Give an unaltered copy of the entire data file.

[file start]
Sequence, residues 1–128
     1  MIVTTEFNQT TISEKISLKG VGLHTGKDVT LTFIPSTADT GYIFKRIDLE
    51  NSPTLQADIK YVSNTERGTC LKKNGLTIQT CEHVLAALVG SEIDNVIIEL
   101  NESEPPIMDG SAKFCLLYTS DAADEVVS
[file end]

Sequence, residues 1–128
     1  MIVTTEFNQT TISEKISLKG VGLHTGKDVT LTFIPSTADT GYIFKRIDLE
    51  NSPTLQADIK YVSNTERGTC LKKNGLTIQT CEHVLAALVG SEIDNVIIEL
   101  NESEPPIMDG SAKFCLLYTS DAADEVVS